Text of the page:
Gloucester in Essex County, Massachusetts — The American Northeast (New England)
In Honor Of
First Minister and Leading Citizen
Who in 1643 Dug This
Canal Uniting River and Bay
Topics. This historical marker is listed in these topic lists: Bridges & Viaducts • Waterways & Vessels. A significant historical year for this entry is 1907.
Location. 42° 36.585′ N, 70° 40.4′ W. Marker is in Gloucester, Massachusetts, in Essex County. Marker is at the intersection of Western Avenue (Massachusetts Route 127) and Perkins Road, on the right when traveling north on Western Avenue. Located in Stacy Boulevard Waterfront Park next to the Blynman Bridge and Canal. Touch for map. Marker is in this post office area: Gloucester MA 01930, United States of America. Touch for directions.
Other nearby markers. At least 8 other markers are within walking distance of this marker. Stacy Esplanade (within shouting distance of this marker); Gloucester Korean – Vietnam Veterans Monument (within shouting distance of this marker); Gloucester Fishermen's Wives Memorial (about 400 feet away, measured in a direct line); In Honor of Nathaniel Haraden (approx. 0.2 miles away); Gloucester World War II MonumentGloucester Fishermen's Memorial (approx. 0.2 miles away); Ten Pound Island Lighthouse (approx. 0.2 miles away); Gloucester World War II Merchant Marine Monument (approx. 0.2 miles away). Touch for a list and map of all markers in Gloucester.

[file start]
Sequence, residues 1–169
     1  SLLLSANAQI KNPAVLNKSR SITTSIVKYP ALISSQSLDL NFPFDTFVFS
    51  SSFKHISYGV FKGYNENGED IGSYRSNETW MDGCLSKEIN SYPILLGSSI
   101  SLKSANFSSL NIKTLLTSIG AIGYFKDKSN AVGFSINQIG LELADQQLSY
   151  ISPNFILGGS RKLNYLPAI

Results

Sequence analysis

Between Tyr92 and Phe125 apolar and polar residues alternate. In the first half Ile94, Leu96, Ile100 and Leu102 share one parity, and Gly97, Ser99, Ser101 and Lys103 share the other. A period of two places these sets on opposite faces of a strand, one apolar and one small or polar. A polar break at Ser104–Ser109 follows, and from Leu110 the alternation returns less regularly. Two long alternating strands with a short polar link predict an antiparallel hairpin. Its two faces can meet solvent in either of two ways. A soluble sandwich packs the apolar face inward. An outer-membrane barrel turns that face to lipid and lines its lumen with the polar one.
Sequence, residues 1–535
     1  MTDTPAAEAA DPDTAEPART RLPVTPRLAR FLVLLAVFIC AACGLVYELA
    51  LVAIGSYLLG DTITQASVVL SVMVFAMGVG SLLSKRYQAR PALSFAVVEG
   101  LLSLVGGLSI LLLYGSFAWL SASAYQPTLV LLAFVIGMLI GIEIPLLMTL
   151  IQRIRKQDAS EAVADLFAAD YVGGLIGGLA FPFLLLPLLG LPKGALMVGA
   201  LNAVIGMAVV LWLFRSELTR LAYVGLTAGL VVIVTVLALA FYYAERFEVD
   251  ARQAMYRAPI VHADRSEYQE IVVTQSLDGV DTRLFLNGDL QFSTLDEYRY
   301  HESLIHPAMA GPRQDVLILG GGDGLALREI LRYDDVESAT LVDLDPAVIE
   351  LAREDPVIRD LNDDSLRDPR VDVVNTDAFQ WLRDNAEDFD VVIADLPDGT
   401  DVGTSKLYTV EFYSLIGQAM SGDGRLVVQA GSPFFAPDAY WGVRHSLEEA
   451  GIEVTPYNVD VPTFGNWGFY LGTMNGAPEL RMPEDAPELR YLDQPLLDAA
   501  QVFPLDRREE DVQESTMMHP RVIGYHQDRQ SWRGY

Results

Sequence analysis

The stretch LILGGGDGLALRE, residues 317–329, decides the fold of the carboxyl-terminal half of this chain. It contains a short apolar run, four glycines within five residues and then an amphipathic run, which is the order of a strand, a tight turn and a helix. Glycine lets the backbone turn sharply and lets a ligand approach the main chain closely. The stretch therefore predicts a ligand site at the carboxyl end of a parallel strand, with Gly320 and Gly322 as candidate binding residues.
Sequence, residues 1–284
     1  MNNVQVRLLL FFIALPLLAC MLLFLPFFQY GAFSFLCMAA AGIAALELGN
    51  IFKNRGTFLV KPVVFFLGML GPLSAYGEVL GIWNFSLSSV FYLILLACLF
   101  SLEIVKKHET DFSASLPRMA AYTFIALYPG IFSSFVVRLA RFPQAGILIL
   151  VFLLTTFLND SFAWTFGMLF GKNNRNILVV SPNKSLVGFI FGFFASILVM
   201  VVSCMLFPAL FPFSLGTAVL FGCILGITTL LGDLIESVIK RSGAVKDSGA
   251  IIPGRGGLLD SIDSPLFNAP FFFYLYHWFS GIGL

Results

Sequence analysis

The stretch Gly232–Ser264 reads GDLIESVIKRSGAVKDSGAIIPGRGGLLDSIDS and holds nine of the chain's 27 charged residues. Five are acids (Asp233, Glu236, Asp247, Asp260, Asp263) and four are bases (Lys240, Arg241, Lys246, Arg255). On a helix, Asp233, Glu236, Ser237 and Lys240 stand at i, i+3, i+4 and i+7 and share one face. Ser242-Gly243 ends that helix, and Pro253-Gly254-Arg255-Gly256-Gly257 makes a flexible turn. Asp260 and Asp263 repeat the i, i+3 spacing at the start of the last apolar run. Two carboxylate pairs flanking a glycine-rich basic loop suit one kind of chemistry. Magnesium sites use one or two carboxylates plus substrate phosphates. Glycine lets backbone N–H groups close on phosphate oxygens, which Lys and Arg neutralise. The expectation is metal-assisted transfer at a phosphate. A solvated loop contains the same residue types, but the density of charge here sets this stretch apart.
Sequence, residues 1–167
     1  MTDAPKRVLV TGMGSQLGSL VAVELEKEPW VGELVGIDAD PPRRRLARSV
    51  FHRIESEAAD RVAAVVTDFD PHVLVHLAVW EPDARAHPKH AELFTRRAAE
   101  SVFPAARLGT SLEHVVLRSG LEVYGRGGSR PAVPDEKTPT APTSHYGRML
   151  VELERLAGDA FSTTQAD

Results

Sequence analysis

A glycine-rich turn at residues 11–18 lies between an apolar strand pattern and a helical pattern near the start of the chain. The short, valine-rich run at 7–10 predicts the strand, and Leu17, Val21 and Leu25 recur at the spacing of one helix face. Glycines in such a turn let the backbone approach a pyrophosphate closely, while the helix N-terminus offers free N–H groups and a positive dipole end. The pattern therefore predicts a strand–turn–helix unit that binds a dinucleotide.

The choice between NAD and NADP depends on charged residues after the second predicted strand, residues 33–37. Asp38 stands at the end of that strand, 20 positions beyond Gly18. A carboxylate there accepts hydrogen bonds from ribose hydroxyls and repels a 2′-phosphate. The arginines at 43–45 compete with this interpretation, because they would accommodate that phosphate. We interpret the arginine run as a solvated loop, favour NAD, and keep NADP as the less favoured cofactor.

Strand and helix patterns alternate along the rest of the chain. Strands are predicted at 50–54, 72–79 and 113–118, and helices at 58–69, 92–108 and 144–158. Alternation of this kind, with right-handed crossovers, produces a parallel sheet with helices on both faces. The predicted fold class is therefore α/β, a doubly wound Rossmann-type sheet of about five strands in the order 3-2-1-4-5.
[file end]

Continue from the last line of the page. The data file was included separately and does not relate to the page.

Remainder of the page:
Regarding Blynman Bridge. Locally called the "Cut Bridge" this is one of the busiest drawbridges on the east coast, opening 60 times on some days.
Reverend Richard Blynman, a Welsh Puritan, organized First Parish Church in Gloucester in 1642. A businessman as well as a spiritual leader, he constructed the canal that bears his name.
The Blynman Bridge spans the Blynman Canal which connects Gloucester Harbor on the south and the Annisquam River, a tidal, salt-water estuary leading to Annisquam Harbor on the north. When constructed in 1643, the canal allowed fishing boats to safely cut across Cape Ann to Ipswich Bay, rather than sailing around at the mercy of the Atlantic Ocean.
After conflicts with other leaders of the parish in 1652, the disheartened Blynman, with some who remained of his followers, abandoned the inhospitable and ungodly people of Cape Ann and resettled in New London, Connecticut.
1. The Cut Bridge
If someone askes the locals for the Blynman bridge, they’ll get funny looks, it is known universally as “The Cut Bridge.”
— Submitted November 2, 2010.
Credits. This page was last revised on March 26, 2018. It was originally submitted on October 1, 2010, by Michael Herrick of Southbury, Connecticut. This page has been viewed 1,526 times since then and 16 times this year. Photos: 1, 2, 3. submitted on October 1, 2010, by Michael Herrick of Southbury, Connecticut. 4, 5. submitted on March 26, 2018, by Cosmos Mariner of Cape Canaveral, Florida.